Non-alcoholic Fatty Liver Disease (NAFLD) or "Fatty Liver" corresponds to the presence of macrovesicular changes without inflammation (steatosis) and lobular inflammation in the absence of significant alcohol use. It can be divided into two subgroups: NAFL (Non-Alcoholic Fatty Liver) or simply Steatosis and NASH (Non-Alcoholic Steatohepatitis). NAFL is defined as the presence of hepatic steatosis with no evidence of hepatocellular injury in the form of ballooning of the hepatocytes. NASH is defined as the presence of hepatic steatosis and inflammation with hepatocyte injury (ballooning) with or without fibrosis. It is important to note that NAFL is a spectrum, with NAFL being the mildest form and NASH and cirrhosis being at the other end of the spectrum.
Fat accumulates in the liver for several reasons. Most commonly, it involves increased delivery of free fatty acids (FFAs) to the liver, increased synthesis of fatty acids in the liver, decreased oxidation of FFA, or decreased synthesis or secretion of very-low-density lipoprotein (VLDL).
Oxidative stress in the hepatocytes can activate stellate cells and lead to the production of collagen and inflammation.
Other factors that may contribute to fatty liver include:
The prevalence of NAFLD varies dramatically depending on the population being studied. It is estimated that the prevalence of NAFLD is in the range of 20% in the United States population and between 11.5% and 46% in the general population. By contrast, the prevalence of NASH is in the range of 2% and 3%. The majority of cases are seen in women. Mean age at diagnosis is 50 years (range 16-80). It is more common in Hispanics when compared to Whites and more common in Whites than in Blacks.
Obesity is a well-known risk factor for NAFLD. In patients with severe obesity undergoing bariatric surgery, up to 90% are found to have NAFLD and some even have cirrhosis. The same study also concluded that insulin resistance was the main predictor for NASH.
Current concepts point to insulin resistance as the primary metabolic defect leading to NAFLD. Insulin resistance leads to an increased influx of free fatty acids (FFA) into the liver. This happens due to the failure of insulin to suppress the hormone-sensitive lipase, causing more FFA to be released from the adipose tissue. Also, elevated insulin levels and insulin resistance promote continuous synthesis of triglycerides in the liver. These two sources of triglycerides result in accumulation of lipids in the hepatocytes causing macrovesicular hepatic steatosis.
The current hypothesis is that NASH is an evolution from NAFLD caused by a second "hit." The evidence behind this second insult in not conclusive, but the most acceptable theories involve oxidative stress, specific cytokines, plus lipopolysaccharides. Free fatty acids and hyperinsulinemia potentiate lipid peroxidation and the release of hydroxy-free radicals, directly injuring the hepatocytes by recruiting neuroinflammatory mediators. Chronic liver injury over time will lead to activation of stellate cells, creating a potential for hepatic fibrosis.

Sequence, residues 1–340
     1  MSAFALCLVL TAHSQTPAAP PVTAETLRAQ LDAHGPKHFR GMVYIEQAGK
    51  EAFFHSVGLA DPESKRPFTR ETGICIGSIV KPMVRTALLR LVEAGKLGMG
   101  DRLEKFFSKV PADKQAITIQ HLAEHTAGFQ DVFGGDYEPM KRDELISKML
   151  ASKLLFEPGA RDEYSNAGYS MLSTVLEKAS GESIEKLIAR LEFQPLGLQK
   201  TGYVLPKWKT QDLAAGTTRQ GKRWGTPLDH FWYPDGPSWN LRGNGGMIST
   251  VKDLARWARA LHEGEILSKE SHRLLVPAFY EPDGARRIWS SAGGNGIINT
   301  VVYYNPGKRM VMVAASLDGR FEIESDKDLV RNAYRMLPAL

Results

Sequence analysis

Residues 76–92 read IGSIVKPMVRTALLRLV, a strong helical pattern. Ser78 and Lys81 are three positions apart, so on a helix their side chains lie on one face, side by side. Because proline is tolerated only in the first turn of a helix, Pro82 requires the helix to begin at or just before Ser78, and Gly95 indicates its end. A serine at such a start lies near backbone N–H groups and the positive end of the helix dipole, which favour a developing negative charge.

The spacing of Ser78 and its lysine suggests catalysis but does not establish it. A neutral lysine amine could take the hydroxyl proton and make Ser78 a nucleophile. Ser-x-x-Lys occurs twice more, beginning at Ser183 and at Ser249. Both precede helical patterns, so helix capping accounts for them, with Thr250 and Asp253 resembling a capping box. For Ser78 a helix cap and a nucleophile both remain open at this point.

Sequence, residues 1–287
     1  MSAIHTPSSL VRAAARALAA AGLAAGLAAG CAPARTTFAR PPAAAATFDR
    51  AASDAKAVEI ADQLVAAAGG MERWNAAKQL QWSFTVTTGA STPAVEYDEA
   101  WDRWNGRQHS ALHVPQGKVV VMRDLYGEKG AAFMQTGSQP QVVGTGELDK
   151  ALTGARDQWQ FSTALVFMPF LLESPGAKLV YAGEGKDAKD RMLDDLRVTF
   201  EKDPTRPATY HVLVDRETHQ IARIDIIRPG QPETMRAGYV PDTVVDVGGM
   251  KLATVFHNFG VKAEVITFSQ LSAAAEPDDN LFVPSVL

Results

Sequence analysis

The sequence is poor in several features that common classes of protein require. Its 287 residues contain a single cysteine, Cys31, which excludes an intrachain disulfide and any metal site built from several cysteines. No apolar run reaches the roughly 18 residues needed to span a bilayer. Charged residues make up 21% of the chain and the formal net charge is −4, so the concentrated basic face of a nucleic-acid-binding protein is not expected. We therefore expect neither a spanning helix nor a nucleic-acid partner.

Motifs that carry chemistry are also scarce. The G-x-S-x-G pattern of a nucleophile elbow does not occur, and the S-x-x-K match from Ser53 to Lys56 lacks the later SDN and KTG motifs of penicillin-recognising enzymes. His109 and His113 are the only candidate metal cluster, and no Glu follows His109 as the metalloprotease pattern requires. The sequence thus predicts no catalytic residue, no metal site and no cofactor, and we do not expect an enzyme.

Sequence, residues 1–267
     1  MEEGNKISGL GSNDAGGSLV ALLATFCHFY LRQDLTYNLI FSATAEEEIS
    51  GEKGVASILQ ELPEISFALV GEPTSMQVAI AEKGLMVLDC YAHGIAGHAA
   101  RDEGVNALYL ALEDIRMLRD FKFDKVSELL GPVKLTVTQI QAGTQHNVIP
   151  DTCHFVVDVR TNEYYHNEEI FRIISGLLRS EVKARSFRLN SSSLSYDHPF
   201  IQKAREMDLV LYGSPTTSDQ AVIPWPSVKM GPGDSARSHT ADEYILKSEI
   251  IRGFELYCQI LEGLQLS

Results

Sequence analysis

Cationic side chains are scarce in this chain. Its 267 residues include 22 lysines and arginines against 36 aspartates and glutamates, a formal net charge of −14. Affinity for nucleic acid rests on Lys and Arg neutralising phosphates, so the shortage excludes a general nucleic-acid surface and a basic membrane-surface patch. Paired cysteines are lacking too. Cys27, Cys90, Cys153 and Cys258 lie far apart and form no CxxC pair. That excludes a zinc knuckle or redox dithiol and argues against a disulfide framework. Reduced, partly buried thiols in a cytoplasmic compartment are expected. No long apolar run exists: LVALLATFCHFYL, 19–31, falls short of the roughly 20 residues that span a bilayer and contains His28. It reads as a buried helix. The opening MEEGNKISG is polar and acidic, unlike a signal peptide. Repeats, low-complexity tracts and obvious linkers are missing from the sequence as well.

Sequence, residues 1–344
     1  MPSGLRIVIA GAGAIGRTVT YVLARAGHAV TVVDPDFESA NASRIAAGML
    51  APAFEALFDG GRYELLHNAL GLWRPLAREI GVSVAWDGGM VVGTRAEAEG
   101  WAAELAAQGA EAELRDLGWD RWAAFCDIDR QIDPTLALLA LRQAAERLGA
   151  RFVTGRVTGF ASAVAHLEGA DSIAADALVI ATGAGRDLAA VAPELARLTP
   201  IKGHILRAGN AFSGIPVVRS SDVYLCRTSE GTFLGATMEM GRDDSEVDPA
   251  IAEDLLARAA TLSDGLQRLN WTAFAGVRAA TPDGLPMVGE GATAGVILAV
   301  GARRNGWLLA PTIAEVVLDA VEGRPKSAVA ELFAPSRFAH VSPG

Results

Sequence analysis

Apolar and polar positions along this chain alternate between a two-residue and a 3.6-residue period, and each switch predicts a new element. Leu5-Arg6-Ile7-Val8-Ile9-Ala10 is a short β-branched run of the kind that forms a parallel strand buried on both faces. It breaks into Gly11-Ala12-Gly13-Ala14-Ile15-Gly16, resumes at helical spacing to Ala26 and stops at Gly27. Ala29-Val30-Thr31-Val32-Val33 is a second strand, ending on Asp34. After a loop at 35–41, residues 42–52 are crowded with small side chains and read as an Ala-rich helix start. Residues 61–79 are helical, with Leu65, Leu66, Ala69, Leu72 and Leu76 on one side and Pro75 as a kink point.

The diagnosis of NASH can only be established with liver biopsy.
Biopsy findings can reveal the following.
Type 3 and Type 4 are NASH by definition.
Histologically, the fatty liver will reveal fat accumulation chiefly in the pericentral (centrilobular) zone. Universally one will note the presence of macrovesicular steatosis with the liver cells containing several large fat droplets which displace the nucleus. Sometimes the lipid deposits may be released due to rupture of the overtly distended liver cells and produce lipogranulomas, which are composed chiefly of macrophages and occasional lymphocytes.
Patients are usually asymptomatic, and "fatty liver" is usually an incidental finding on imaging done for other purposes. When patients do have symptoms, they are usually nonspecific, constitutional or right upper quadrant discomfort.
It is important to obtain detailed alcohol use, review past medical history, family history, current and past prescription medications, and use of over-the-counter drugs or supplements. Obesity, hyperlipidemia, and diabetes have a strong association with "fatty liver."
Laboratory studies lack specificity and cannot distinguish NASH from NAFLD; however, initial evaluation should include assessment of a complete hepatic panel, lipid panel, and iron.